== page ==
SAN DIEGO -- As the Food Marketing Institute convenes its annual Energy and Technical Services Conference here this week, it is gathering at ground zero of perhaps the nation's biggest energy battlefield, where supermarkets are on the front lines.
In several states, supermarket operators are enjoying the deregulation of utilities, a move that in some cases has increased competition and lowered expenses. For example, Giant Eagle, Pittsburgh, saw an 8% savings in the first year of deregulation.
However, in California, power costs doubled this summer. Deregulation, combined with hot weather and a population boom, have produced a state-wide power shortage, officials say. Southern California and the San Francisco Bay area have periodic blackouts, and many grocers have agreed to follow an energy-conservation plan developed by their state association that calls on them to reduce store lights and air conditioning when necessary.
In the San Diego area, the price rise has been particularly steep, a result of both hot summer weather and the early end to a rate freeze.
Dirk Stump, vice president of Stump's Market, San Diego, said his company's power costs have soared from about $10,000 per store, per month, to about $22,000 a month by mid-summer.
Although San Diego officials are lobbying state legislators and the governor for assistance, the prospects for an immediate solution are bleak. "The politicians are just trying to handle the residential folks: they think they can let the business people hang out for awhile," Stump said.
The chain cannot raise prices fast enough "to recoup that kind of money," according to Stump, who said it already has the most energy-efficient equipment in place.
During power alerts, Stump's Market stores turn off half of their lights, which Stump says makes customers think the units are going out of business. "Light sells. It provides a feeling of cleanliness and wholesomeness," he said.
Although customers have no problems viewing the products with half of the lights off, the lack of light makes the meat and produce look dull, he added.
All California grocers will eventually be faced with this problem, according to Stump, San Diego County is just the fist area to be hit. "Some retailers are turning a blind eye. They've got to start planning," Stump said.
Many retailers are beginning to plan and are getting involved in the Sacramento-based California Grocers Association's Emergency Energy Conservation Program. Members of the program, including Safeway, Pleasanton, Calif., and Albertson's, Boise, Idaho, have agreed to reduce electric power consumption by 10% when the California Independent System Operator declares a Stage 1 Alert, which typically takes place on very hot days.
Some of members of the CGA program have reduced store lighting by as much as 50%, cut down on air conditioning and reduced or restricted the use of certain store equipment, such as battery chargers and packaging machines, during the alerts.
"We're trying to be a model to other industries that could also do something to cut power," said Carolyn White, spokesperson for Raley's Supermarkets, West Sacramento, Calif. Although Raley's stores have not experienced "dramatic" increases in energy costs increases like grocers in the San Diego area, chain officials want to cut back on energy during alerts.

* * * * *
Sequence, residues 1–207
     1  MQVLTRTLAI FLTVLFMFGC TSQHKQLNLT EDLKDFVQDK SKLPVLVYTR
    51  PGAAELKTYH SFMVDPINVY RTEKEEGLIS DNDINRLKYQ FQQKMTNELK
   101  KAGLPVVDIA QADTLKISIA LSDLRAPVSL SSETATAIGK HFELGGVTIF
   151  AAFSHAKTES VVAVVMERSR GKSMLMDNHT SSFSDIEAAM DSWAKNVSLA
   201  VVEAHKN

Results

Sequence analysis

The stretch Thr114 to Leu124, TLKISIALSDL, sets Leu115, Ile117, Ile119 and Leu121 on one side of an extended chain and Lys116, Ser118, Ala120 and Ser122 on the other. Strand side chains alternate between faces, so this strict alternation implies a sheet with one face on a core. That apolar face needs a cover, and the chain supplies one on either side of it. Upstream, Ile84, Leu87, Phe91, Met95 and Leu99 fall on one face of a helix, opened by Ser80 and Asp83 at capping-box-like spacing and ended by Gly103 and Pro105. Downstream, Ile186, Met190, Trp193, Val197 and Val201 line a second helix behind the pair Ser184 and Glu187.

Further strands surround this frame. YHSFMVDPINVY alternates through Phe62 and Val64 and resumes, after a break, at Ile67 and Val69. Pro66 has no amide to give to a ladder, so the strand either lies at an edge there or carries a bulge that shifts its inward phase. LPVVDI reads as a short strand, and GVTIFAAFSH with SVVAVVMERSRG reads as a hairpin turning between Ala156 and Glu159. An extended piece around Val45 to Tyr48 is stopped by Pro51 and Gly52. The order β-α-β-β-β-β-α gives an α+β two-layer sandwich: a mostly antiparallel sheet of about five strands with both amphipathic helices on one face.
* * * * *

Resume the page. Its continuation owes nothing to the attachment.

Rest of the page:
When temperatures go over 100 degrees, store lights are dimmed, and the air conditioning temperature is raised to 78 degrees, between 4 p.m. to 6 p.m. Customers have not complained about the temperature or the lights, White said.
"When you're coming in from 100 degrees, no one complains about 78 degrees," she said. The dimmed lights also give the stores more of a "serene" atmosphere and customers tend to slow down, White added.
Shoppers see the example the stores are setting and believe they can cut their home power use as well, White observed. "Supermarkets are so much out in the community and close to their homes, that people really relate this to their home," she said.
Save Mart, Modesto, Calif., has been working to conserve energy for years, said Sally Sanborn, director of marketing, because it is one of the chain's biggest expenses. "On an ongoing basis, we reduce the lighting in our stores by 25% [after dark]. The customers do not notice this, because they are coming from night into a lighted store," she said.
During the day, Save Mart reduces its light use by 10%. "The reduced lighting has the effect of reducing the air conditioning use because, with less lighting in the store, we have less heat," Sanborn said.
Meanwhile, as Save Mart builds new stores or remodels existing units, the company equips them with an automated energy management system that allows the chain to reduce lighting inside the store and in the parking lot as needed.
In addition, the chain has installed a sub-cooling device for refrigeration, which pre-cools the refrigerating fluid before it enters the freezer, reducing the power needed to cool the cases.
California retailers will have to wait until the 2001 legislative session to seek relief for high bills, because recently passed rate-rollback legislation in the state only eases the burden on residents and some small businesses.
"It is disappointing, but what we expected. It might help some very small convenience stores or very small mom and pop [grocery stores]," said Sandra Duval, director of state government relations at CGA. The group's lobbyists are determining whether CGA can take other actions before the next session.
The rate-rollback legislation streamlines power plant approval and construction, but experts predict the energy shortage in California will last at least two more years.